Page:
Twomey in high demand over last few weeks
With many people across the nation adversely affected by the continued outbreak of the Coronavirus disease, Dublin camogie star Ali Twomey is grateful to have found herself in high demand over the last few weeks.
A health safety environment coordinator at Swords-based company Mitie, the Lucan Sarsfields attacker has remained out in the field rather than being confined to working from home.
Lucan Sarsfields Ali Twomey
“I’m still in the office. I’m working in a facilities company, so there’s still a lot of clients. Banks and things like that which would be essential services.
They still need to be running. We would be contracted in for them, so we’d need to be working to keep them in business. We’re still kind of flat out at the minute,” Twomey explained.
“Probably busier than before. I’m personally busier than I would have been before. I know there’s a lot of people that have been laid off. I’m just happy that I’m still lucky enough to have a job and I have a routine where I am going into work. It’s positive.”
Due to an injury she sustained at the tail end of 2019, Twomey had already been training on her own before the global pandemic took a firm grip on these shores. As a consequence, she was able to adapt to a remote training regime quicker than most.
The former St Joseph’s College, Lucan student is currently working off a programme alongside her Sky Blues team-mates and, given the uncertainty over when they will return to competitive fare, she believes a measured approach is required in testing times for the squad.
“Everyone is in the same boat and some days people find it hard to get motivated and to get out. That’s fine as well. It can be hard to stay motivated when there is no set date. There is uncertainty, you don’t know if you’re going to be playing matches or not this year.
“If everyone is maintaining the fitness that they have now, and then when there’s talks of games you can ramp it up. I don’t think people should be getting too caught up in actually doing really tough sessions now and trying to peak when there’s nothing really to peak for. It’s just important that everyone is maintaining fitness and everyone is happy.”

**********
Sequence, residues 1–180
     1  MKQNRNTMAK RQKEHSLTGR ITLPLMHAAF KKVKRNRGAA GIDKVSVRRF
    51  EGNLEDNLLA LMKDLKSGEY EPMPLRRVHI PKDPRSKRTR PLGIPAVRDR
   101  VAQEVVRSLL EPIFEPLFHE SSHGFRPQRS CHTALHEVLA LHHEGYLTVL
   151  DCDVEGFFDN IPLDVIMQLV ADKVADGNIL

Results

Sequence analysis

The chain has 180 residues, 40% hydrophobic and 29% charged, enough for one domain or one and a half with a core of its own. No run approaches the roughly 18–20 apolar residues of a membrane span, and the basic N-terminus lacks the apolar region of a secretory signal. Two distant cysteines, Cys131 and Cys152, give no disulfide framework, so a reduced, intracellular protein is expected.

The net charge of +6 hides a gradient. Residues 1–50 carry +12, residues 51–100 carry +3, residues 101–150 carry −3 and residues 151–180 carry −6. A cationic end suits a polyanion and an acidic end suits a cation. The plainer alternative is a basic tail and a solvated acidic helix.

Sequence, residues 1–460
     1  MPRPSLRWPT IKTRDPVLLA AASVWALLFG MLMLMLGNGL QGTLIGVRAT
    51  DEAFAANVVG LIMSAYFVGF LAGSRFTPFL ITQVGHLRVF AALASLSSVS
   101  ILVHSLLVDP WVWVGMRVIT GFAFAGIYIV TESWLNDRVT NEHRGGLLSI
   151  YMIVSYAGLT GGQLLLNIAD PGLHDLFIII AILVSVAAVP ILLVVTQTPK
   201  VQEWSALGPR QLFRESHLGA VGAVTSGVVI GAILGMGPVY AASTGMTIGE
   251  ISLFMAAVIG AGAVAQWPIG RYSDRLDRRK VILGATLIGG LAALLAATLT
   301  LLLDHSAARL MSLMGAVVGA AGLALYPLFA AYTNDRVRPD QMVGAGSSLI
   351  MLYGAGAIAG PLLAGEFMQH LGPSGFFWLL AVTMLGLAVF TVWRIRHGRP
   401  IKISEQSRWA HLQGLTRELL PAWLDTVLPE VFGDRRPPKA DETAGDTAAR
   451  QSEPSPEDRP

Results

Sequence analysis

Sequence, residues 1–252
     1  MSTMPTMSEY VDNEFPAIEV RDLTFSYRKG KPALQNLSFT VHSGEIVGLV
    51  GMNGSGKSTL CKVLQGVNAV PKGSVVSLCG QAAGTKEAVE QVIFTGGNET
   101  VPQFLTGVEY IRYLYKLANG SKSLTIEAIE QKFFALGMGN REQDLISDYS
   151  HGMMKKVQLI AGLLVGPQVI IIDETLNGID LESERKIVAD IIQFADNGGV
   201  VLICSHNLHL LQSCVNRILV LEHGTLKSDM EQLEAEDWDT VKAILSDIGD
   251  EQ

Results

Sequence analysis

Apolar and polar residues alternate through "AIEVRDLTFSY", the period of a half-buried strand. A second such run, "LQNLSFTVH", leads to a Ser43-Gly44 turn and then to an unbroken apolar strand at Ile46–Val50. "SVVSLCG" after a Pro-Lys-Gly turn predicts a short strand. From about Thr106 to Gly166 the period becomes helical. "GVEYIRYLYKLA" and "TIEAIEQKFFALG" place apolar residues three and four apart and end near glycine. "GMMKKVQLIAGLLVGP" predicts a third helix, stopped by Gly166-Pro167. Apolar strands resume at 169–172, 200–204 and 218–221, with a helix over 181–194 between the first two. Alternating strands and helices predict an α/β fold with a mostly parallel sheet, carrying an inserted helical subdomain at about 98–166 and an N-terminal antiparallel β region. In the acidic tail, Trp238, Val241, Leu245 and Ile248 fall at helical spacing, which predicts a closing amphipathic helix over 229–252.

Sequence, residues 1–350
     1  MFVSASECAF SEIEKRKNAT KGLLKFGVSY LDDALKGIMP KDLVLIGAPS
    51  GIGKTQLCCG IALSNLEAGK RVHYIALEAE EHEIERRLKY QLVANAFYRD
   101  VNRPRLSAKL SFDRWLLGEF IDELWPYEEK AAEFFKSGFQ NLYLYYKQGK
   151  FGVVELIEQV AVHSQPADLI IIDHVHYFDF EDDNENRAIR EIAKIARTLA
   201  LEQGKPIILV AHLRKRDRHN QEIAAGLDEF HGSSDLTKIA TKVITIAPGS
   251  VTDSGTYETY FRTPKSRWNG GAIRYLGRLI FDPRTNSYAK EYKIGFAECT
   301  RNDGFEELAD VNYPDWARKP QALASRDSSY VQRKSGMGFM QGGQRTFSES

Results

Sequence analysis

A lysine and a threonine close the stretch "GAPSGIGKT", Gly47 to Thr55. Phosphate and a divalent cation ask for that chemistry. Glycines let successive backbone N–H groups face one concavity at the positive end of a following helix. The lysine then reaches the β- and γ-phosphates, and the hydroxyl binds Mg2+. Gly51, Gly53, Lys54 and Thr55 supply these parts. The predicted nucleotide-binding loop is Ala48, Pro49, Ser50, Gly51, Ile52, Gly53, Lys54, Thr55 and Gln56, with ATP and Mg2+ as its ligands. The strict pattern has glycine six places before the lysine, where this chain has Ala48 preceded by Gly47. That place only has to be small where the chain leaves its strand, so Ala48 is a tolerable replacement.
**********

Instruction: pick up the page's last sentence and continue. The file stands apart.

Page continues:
Now in her 10th year on the panel, Twomey has witnessed many ups and downs in a Dublin jersey. Having struggled to register a win in the senior championship for many years, the Metropolitans reached three All-Ireland quarter-finals and one semi-final over the course of the past five seasons.
Though John Treacy and Willie Braine are now steering the ship in a joint capacity, Twomey credits former managers Shane O’Brien and David Herity – a five-time Liam McCarthy Cup winner with his native Kilkenny – for sparking a major upturn in the county’s fortunes.
“The two of them did unbelievable work with Dublin camogie and they worked with the whole of Dublin camogie.
“I know David did so much work bringing in club players and minor players. I know the county board set up camps, but David really made sure that they worked well. He cared about Dublin camogie as a whole and not just our team.
“I think that really brought everyone together. It brought younger girls to our matches and things like that. It made people want to play for Dublin. I think a lot of that was down to him. He did so much work. It showed because we got to a semi-final in 2017,” Twomey added.
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